Rumpf filed his complaint in this court on April 18, 2017, alleging that "Quorum and its counsel have received and refused to return the sum of $8,928.37 in funds garnished from Mr. Rumpf's paycheck." (Compl. (dkt. #1) ¶ 20.) During oral argument in Dane County Circuit Court on Quorum's motion to dismiss held on the same day that Rumpf filed his federal action, however, that court ordered return of the garnished funds to Rumpf and awarded him attorney's fees and costs. Consistent with that oral ruling, thestate court entered a written order on May 9, 2017, requiring Quorum to return the garnished funds in the amount of $6,931.03 to Rumpf, awarding him attorney's fees in the total amount of $15,500.00, and closing that case. (See Decl. of Lisa M. Lawless, Ex. 1 (dkt. #46-1).)

Plaintiff has since conceded in his opposition brief to Quorum's motion to dismiss this case, and again in responding to Case's proposed findings of facts in support of its motion for summary judgment, that defendants paid both amounts on June 6, 2017. Still, plaintiff points out that this was almost two months after the state court had orally ordered Quorum to return the garnished funds, and about a year after Quorum sought dismissal of its underlying state lawsuit in response to the Wisconsin Court of Appeals decision reversing entry of judgment in defendants' favor. (Pl.'s Opp'n to Quorum's Mot. (dkt. #39) 20.)

I. Motion to Dismiss and Motion for Summary Judgment

In this lawsuit, plaintiff asserts claims against both defendants for two violations of the Wisconsin Consumer Act. First, plaintiff alleges that defendants' disclosure in a brief filed in the Wisconsin Court of Appeals that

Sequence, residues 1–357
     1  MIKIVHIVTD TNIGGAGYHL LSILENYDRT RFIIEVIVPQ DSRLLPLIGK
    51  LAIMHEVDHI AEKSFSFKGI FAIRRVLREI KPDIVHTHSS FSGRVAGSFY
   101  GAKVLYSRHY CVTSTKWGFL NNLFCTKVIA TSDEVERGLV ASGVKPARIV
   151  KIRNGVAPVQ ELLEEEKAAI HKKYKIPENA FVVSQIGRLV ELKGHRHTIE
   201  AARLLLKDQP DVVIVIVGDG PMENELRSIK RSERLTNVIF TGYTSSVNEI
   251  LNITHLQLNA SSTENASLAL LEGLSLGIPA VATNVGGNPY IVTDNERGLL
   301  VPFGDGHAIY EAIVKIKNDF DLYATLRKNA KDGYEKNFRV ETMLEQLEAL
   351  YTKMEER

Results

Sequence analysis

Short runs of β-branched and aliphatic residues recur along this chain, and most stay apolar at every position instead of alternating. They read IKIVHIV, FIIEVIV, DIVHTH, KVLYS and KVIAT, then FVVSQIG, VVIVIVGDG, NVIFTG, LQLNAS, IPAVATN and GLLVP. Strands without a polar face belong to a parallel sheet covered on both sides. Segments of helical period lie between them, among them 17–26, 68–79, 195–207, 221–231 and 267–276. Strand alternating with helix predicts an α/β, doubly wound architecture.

a review of the billing statements submitted with the plaintiff's brief . . . shows that the vast majority of the charges were for gambling," violated Wis. Stat. § 427.104(1)(e), which prohibits "[d]isclos[ing] or threaten[ing] to disclose to a person other than the customer or the customer's spouse information affecting the customer's reputation, whether or not for credit worthiness, with knowledge or reason to know that the other person does not have a legitimate business need for theinformation.

(Compl. (dkt. #1) ¶ 31a.) Second, plaintiff alleges that defendant violated Wis. Stat. § 427.104(1)(j), which prohibits "[c]laim[ing], or attempt[ing] or threaten[ing] to enforce a right with knowledge or reason to know that the right does not exist," by "filing their legal action, seeking a judgment, filing two garnishments, defending those garnishments, garnishing Rumpf's paychecks, and then refusing to return the garnished funds." (Id. at ¶ 31b.) Rumpf also alleges a civil theft claimed pursuant to Wis. Stat. § 895.446, on the basis that "[b]oth defendants . . . intentionally retained possession of the garnished funds without Rumpf's consent." (Id. at ¶ 34.) Finally, as to defendant Case, Rumpf alleges FDCPA claims based on the same factual allegations underlying his state law claims. (Id. at ¶¶ 25-28.) Defendant Quorum moves to dismiss and defendant Case seeks summary judgment on all of the claims asserted against them, for largely duplicative reasons. The court addresses each argument below.

A. Jurisdictional Challenges